Many golfers have found themselves with an inordinate amount of time on their hands in the past few weeks while the coronavirus pandemic has forced local and federal governments to enact certain stay-at-home and shelter-in-place orders.
In an effort to help our audience use this time somewhat productively, we’ve reached out to our Master Faculty of top instructors from around the country to find out what the most important aspect of your game to work on is and what their best tips were for getting the most out of practicing your game from home.
Gary Gilchrist, Golf Digest Best In Florida (#19); Golf Magazine Top-100
Putting. Buy a putting mat, and work on your stroke. Your goal is to get as good as you can from 3 to 9 feet. This will improve the face/path consistency and control.
Work on your goal setting. Visualize playing 18 holes — use your home course to do this. Map it out. Create a plan for improvement in the five main areas – technical, mental, physical, personal and strategy.
Do club awareness drills without a ball. Use a mirror in your house to work on your plane and setup and the consistency of your set up. Look online and find your favorite player and screenshot some of your favorite positions in their swing
Finally, create an indoor gym as best as you can. Work on endurance, strength training and flexibility
Joe Hallett, Golf Digest Best In Tennessee (#1); Golf Magazine Top-100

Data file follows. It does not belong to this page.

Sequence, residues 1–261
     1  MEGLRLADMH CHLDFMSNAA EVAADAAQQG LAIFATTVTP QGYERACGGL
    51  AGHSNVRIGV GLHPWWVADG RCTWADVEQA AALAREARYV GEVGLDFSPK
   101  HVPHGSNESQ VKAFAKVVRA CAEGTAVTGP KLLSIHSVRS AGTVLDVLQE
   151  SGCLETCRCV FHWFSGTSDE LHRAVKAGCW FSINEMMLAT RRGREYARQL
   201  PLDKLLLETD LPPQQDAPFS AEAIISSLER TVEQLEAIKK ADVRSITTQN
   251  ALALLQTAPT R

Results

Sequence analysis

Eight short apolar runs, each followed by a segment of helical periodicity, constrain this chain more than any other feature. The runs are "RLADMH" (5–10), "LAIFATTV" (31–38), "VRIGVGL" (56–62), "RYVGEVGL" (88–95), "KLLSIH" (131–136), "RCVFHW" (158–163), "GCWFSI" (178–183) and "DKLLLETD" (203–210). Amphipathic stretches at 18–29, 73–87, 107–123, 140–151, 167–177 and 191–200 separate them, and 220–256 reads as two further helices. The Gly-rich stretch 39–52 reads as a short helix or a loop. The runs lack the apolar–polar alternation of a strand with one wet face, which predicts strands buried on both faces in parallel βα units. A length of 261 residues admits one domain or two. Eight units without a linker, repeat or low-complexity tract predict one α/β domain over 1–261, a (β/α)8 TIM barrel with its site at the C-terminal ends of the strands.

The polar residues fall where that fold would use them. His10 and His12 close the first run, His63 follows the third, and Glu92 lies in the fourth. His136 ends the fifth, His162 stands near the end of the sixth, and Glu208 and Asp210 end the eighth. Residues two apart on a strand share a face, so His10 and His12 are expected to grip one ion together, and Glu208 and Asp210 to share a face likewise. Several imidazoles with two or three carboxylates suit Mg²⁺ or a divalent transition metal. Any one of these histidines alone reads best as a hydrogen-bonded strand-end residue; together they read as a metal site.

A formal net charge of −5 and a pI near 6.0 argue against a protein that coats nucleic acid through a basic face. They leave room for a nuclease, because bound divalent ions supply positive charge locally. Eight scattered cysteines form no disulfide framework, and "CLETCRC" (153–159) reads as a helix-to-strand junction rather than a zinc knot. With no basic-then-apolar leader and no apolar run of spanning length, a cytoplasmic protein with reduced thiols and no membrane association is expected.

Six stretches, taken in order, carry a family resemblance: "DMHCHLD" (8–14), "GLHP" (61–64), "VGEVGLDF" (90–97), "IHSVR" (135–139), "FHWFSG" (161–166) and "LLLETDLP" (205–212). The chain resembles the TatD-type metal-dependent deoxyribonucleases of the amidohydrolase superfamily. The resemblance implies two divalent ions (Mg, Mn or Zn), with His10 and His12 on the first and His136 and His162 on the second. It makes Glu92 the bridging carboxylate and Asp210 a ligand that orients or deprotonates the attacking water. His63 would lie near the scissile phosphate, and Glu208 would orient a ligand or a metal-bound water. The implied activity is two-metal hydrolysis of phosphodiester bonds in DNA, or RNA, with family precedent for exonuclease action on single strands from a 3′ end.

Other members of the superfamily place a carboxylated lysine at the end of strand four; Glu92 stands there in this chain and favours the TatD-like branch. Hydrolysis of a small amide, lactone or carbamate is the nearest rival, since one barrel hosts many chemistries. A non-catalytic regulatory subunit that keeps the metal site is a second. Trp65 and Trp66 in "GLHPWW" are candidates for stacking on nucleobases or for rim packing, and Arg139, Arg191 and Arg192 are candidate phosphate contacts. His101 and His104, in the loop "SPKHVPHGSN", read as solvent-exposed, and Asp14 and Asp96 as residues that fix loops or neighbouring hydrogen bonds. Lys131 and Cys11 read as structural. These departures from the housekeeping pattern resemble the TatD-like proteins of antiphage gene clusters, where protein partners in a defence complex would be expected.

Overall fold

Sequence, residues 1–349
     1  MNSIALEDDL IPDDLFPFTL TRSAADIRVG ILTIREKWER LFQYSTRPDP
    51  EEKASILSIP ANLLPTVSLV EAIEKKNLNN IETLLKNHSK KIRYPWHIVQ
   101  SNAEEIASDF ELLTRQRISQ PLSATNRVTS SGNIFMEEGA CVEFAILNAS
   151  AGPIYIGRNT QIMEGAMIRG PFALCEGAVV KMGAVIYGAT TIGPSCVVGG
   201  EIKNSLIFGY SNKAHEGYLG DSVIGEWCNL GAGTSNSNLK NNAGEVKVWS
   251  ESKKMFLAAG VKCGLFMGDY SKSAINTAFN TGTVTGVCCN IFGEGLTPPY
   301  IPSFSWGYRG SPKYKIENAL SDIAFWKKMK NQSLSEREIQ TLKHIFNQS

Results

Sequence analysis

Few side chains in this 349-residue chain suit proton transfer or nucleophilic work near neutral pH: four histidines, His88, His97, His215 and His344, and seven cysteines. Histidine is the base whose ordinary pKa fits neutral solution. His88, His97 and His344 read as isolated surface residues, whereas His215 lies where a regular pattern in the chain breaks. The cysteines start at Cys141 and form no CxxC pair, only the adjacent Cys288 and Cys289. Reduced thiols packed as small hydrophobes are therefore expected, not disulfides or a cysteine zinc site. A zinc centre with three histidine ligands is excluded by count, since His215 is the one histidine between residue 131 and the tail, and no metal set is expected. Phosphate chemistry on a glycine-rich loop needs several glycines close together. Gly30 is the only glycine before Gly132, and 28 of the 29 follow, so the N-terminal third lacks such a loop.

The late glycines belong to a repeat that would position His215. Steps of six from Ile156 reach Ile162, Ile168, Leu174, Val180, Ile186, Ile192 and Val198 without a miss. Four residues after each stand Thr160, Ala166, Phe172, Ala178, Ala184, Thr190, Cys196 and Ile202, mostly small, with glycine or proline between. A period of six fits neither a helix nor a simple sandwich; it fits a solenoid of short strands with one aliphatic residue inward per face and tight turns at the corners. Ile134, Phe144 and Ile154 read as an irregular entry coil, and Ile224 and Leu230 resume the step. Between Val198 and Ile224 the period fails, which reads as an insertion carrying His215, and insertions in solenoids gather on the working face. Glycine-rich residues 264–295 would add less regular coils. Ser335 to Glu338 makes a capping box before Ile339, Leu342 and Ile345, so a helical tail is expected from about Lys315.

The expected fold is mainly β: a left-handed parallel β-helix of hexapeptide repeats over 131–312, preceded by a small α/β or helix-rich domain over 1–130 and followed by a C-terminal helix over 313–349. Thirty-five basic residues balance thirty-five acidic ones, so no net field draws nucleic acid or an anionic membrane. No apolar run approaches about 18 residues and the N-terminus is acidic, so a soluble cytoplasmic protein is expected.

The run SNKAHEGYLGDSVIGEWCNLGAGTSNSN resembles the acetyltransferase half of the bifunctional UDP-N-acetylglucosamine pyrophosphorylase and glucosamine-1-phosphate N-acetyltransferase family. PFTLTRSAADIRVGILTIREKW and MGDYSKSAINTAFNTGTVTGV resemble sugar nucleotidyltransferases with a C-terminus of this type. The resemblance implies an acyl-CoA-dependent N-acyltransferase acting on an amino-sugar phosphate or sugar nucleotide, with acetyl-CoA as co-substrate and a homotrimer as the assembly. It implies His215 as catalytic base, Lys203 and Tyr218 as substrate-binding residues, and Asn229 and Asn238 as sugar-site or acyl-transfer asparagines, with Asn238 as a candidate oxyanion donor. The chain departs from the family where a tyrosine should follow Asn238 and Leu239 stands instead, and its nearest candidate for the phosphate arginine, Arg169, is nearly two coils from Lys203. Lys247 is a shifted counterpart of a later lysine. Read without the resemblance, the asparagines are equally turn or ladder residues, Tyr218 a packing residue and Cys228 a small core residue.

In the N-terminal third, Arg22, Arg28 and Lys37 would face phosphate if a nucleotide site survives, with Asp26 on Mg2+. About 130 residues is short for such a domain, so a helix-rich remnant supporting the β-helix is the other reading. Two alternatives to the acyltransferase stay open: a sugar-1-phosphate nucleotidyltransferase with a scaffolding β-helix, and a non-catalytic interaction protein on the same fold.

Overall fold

Putting is an always deal, but most important is to work on speed control and seeing — just like pitching pennies to the wall — how close you can lag 3 balls in a row at lengths of 30-40 feet on any surface.
This will save you at least a stroke and a half on the course.
Chris O’Connell, Golf Digest Best In Texas (#8); Golf Magazine Top-100
Obviously putting is something that can be done indoors. While putting a straight 8-footer on a perfect surface might make you feel good, it doesn’t translate well to the course.
Try putting to a much smaller target than the size of a hole, and if you have some room, work on some speed drills instead of knocking in the same short putt repeatedly. Being able to control your speed is paramount to becoming a great putter. From there, you can pick a line — not the other way around.
Josh Zander, Golf Digest Best In California (#8); Golf Magazine Top-100
I am always a fan of working on my weaknesses to make them strengths, so it is more about what needs improvement. You may be limited to what you can do based on the space in your house. The cool thing about not being able to hit balls is that you can work on your golf swing without worrying about your ball flight or your score!
My biggest piece of advice is to improve one thing at a time and give it time and reps. For example, if you are looking to make a bigger turn to increase your power, find some drills and put in reps with full attention and intention to every repetition. Quality over quantity! I recommend doing this a few minutes every hour so you are constantly revisiting the move and getting in some reps. This starts to communicate to your brain the new movement pattern which will eventually become the dominant pattern.
It is important to have a feedback mechanism so you know that the rep is correct. After all, practice makes permanent, not perfect. If you want to get there even faster, celebrate every correct rep. Emotion is the anchor that cements good moves in your brain and helps you remember the right move the next time.